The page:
Archaeologists Discover an 18th-Century Plaque Commemorating the Departure of Jews from Lithuania to the Land of Israel

July 22 2019

Excavating the remains of the Great Synagogue in Vilnius (formerly Vilna), researchers made an unexpected discovery this summer, as Agence France-Presse reports:

The stone plaque was discovered in a cellar below . . . the Great Synagogue of Vilnius, [which was the city’s] major Jewish house of prayer before it was destroyed by [consecutive] Nazi and Soviet regimes. “In 1776 we went up with joy to our land (Erets Yisrael),” reads part of the inscription. It uses [a form of] the Hebrew word [la’alot, meaning to go up, as in the term] aliyah, referring to the immigration of Jews from the diaspora to the land of Israel. . . .

The Vilnius synagogue, dating from the 1630s, was the most important synagogue for Lithuania’s once-vibrant Jewish community. Last year, archaeologists announced they had discovered the synagogue’s bimah, the podium or platform from which the Torah is read. The plaque . . . was discovered later in a cellar beneath the bimah. . . .

The Nazis burned down the synagogue and the remains were later demolished by the Soviet regime that built a kindergarten, later turned into a primary school, on the property.

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Read more at Israel National News

More about: Aliyah, East European Jewry, Synagogues, Vilna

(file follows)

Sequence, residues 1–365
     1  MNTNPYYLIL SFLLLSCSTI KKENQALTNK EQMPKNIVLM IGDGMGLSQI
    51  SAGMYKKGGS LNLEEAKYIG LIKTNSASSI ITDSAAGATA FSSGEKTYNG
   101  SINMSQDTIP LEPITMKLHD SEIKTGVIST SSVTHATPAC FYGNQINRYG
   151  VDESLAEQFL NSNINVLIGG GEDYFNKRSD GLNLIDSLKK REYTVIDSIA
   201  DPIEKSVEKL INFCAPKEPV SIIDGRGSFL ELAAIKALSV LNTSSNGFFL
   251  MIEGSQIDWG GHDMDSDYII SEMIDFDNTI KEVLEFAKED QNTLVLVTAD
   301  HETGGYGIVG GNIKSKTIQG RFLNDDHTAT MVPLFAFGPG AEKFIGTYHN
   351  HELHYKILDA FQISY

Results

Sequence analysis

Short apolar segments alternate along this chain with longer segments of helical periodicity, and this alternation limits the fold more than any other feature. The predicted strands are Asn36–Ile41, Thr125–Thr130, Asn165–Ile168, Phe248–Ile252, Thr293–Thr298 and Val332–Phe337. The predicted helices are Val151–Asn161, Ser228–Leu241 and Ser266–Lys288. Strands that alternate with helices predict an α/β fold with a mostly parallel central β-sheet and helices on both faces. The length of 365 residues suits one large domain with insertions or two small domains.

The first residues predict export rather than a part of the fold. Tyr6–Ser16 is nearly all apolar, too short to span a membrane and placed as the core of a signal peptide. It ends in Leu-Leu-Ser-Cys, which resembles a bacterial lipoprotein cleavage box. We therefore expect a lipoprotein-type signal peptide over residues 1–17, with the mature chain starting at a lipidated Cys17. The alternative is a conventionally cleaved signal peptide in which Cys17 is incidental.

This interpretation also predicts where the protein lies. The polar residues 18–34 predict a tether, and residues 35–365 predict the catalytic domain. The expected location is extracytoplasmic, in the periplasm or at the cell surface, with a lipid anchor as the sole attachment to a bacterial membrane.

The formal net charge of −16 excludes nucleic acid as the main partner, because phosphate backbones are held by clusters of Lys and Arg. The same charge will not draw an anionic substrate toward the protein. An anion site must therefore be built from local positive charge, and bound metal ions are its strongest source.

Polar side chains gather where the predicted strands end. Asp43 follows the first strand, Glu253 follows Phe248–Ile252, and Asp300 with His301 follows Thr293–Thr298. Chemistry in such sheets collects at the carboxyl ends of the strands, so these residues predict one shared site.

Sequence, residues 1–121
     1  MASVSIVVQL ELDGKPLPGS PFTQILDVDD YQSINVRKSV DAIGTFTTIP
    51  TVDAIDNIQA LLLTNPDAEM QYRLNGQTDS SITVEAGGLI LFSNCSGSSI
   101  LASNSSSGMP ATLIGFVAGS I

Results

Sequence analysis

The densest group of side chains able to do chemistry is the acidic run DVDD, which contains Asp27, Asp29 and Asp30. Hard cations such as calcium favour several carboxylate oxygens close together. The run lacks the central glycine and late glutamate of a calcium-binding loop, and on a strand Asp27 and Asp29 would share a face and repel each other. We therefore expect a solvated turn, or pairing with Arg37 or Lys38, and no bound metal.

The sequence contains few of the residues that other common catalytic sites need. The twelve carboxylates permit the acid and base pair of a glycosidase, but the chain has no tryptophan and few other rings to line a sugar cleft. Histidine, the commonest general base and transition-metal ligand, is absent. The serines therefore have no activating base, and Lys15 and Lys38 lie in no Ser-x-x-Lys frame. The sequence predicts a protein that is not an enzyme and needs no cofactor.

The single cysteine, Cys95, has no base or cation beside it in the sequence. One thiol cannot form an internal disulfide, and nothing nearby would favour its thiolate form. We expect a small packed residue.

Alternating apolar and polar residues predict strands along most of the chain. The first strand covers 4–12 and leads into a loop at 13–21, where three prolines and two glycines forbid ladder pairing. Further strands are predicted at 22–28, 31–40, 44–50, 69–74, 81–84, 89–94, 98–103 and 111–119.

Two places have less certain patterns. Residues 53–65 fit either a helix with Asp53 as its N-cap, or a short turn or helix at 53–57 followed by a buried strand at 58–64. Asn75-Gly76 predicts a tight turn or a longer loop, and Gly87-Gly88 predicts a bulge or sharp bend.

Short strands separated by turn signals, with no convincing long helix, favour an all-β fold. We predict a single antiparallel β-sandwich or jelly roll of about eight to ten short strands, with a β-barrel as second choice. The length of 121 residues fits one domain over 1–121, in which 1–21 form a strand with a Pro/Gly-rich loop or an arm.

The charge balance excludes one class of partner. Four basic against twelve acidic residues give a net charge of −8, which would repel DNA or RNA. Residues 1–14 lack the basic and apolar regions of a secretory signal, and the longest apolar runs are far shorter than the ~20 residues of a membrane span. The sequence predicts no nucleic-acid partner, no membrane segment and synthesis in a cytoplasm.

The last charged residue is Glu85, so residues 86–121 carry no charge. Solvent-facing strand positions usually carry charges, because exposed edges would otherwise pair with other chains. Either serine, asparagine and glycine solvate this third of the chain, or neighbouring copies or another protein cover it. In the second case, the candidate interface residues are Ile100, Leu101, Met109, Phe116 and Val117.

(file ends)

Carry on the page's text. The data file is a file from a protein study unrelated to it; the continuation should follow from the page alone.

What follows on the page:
Understanding the Background of the White House Ruling on Anti-Semitism and the Civil Rights Act

Dec. 13 2019

On Wednesday, the president signed an executive order allowing federal officials to extend the protections of Title VI of the Civil Rights Act to Jews. (The order, promptly condemned for classifying Jews as a separate nationality, did nothing of the sort.) In 2010, Kenneth Marcus called for precisely such a ruling in the pages of Commentary, citing in particular the Department of Education’s lax response to a series of incidents at the University of California at Irvine, where, among much elase, Jewish property was vandalized and Jewish students were pelted with rocks, called “dirty Jew” and other epithets, and were told, “Jewish students are the plague of mankind.”

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Read more at Commentary

More about: Anti-Semitism, Israel on campus, U.S. Politics